A mountain drive in the pre-production Toyota Prius V

Recently we drove the 2012 Toyota Prius V through the Front Range of the Rocky Mountains.

We purposely put off writing this story for a while in hopes of regaining some objectivity. Frankly, we have been quite enamored with Toyota’s wonder of engineering since attending the introduction of the second generation of the iconic Prius V.

The ploy worked insofar as we have realized none of the 10 new members of the coming Prius family is the right vehicle for everyone. It simply will never fit the definition of what a vehicle is supposed to be in some people’s minds.

Nevertheless with over 1 million units sold in the U.S. over the 14 years since its introduction (when gas was still relatively cheap) it has struck a chord with a good many buyers. It outsells all other hybrids hands down and 97 percent of all Prius models sold are still on the road.

“As a matter of fact, Prius has the highest brand awareness of any hybrid vehicle, making it to hybrids what Kleenex is to tissues and Levi’s are to jeans,” said Doug Coleman, Prius Product Manager at the Prius V introduction in Boulder CO.

Toyota estimates the Prius has saved its owners over 2 billion dollars in fuel costs. In fact, Toyota states we would reduce our need for foreign oil by a staggering 70 percent if everyone drove one, but we digress. The hybrid has also singlehandedly prevented 12 million tons of CO2 from entering the atmosphere.

Toyota Prius V is aimed at those who, though interested in what may be the greenest car in America, found it too small inside or lacking sufficient cargo space. The V is not a symbol for the Roman Numeral five – it is the character in the Latin alphabet and Toyota suggests it stands for “versatility.”

The wagon shape of the Prius V gives it 34.3 cubic feet more cargo space than it’s liftback cousin. That's a total of 67.3 cubic feet with the rear seats down. In fact, Toyota claims it has more room for hauling what-have-you than many small SUVs, including Equinox, Element, Escape, and Rogue.

In order to maintain the mileage the Prius is known for in a slightly larger vehicle, Toyota worked on the aerodynamics of the Prius V and lighter materials for fabrication of the car.

The Prius V has a coefficient of drag of only .29, which is very good. “The right choice of materials was an important aspect in making the Prius v safe, yet as lightweight as possible,” Coleman continued. “For example, the optional panoramic roof is made of a lightweight resin that is 40% lighter than conventional glass roofs of a similar size, and also has better insulating properties to help control interior temperatures.”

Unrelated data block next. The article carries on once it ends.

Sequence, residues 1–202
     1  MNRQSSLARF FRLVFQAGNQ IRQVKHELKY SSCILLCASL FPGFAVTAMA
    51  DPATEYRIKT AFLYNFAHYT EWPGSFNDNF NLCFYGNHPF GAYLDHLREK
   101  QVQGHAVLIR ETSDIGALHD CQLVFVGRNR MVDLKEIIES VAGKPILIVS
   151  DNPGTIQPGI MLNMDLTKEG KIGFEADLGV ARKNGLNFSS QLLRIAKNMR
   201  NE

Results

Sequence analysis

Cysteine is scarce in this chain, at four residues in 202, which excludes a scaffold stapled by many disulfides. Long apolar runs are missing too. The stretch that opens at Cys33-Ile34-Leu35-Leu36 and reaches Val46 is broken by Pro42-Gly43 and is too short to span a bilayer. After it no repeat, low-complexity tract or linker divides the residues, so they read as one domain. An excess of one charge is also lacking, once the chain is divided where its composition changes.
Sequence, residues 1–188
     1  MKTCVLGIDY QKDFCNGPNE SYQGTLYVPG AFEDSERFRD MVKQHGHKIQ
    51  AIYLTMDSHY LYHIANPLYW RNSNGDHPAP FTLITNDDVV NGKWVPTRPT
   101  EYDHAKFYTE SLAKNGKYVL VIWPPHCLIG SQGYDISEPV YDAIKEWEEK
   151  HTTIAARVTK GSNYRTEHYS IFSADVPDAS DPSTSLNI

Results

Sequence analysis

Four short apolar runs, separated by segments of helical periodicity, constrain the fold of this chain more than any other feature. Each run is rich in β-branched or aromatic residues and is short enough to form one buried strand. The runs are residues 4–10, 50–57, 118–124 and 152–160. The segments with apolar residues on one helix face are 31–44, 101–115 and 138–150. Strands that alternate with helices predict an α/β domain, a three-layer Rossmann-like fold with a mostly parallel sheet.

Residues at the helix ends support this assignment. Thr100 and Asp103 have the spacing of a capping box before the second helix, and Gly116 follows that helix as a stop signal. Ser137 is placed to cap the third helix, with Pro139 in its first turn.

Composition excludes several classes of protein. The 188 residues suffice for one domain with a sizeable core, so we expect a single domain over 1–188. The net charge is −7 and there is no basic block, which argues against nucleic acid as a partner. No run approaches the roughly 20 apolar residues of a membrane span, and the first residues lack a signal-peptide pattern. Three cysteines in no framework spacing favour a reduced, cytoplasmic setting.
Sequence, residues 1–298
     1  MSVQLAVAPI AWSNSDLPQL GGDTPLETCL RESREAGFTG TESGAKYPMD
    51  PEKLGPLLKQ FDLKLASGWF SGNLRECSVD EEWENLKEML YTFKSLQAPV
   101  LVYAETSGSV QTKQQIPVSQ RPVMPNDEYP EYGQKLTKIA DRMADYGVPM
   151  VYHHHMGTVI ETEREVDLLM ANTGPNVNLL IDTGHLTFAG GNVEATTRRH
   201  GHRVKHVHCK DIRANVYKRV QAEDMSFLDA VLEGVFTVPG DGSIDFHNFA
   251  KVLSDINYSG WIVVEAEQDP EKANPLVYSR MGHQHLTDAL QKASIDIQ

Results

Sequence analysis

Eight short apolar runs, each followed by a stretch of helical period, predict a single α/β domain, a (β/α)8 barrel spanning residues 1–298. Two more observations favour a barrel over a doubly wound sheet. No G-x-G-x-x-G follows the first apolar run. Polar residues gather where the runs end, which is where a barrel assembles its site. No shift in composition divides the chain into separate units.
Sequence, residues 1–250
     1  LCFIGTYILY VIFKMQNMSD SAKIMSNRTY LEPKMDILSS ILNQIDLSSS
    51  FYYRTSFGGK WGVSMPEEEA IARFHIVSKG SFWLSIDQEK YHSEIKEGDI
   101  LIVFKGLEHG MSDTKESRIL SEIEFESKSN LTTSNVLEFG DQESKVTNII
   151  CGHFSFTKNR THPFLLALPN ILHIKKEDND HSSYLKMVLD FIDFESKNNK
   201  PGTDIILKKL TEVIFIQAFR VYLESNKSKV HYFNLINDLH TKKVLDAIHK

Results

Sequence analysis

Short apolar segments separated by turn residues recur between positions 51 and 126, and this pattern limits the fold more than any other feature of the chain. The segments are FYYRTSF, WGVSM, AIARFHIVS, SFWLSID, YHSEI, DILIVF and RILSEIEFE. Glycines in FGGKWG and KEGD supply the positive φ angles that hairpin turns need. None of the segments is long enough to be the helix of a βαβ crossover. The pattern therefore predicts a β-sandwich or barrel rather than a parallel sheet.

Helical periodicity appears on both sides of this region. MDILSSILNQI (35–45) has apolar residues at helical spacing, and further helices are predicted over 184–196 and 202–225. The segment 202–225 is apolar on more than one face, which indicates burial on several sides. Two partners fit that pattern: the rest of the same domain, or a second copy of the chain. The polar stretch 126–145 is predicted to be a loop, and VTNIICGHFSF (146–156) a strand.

The Prius V will also debut a new upholstery material dubbed SofTex that weighs half what leather seat covers do but is quite as durable. Still, 99 percent less volatile organic compounds are produced in the process of creating this fabric as opposed to simulated leather seat coverings.

Even the stereo system is getting greener, as the new JBL system uses half as much power to produce the same level of sound, so you can happily kick out the jams without drawing too much precious electric power.

Driving impressions were very similar to the Prius, except taking a route from Boulder to Nederland, through Lyons and Ward before returning, gave us the chance to see how the hybrid would perform in the mountains.

We’re happy to report that driving the Prius V through the curving, climbing roads in normal drive mode showed no sign of being underpowered or a lack of cornering acumen.

It has a slightly heavier feel than the liftback model and seems well connected to the pavement. This seemed only appropriate as no other vehicle has quite as strong a connection to mother Earth. The ride is smooth and the seats are comfortable.

We look forward to giving the production model of the versatile Prius V a longer evaluation when the chance presents itself. The vehicle should be available this fall and it is estimated to cost about $3000 more than the liftback model.

Anyone who was originally interested in the Prius, but backed away because of lack of space within should take another look at the V – Toyota took your concerns to heart with this first new model in the Prius line.

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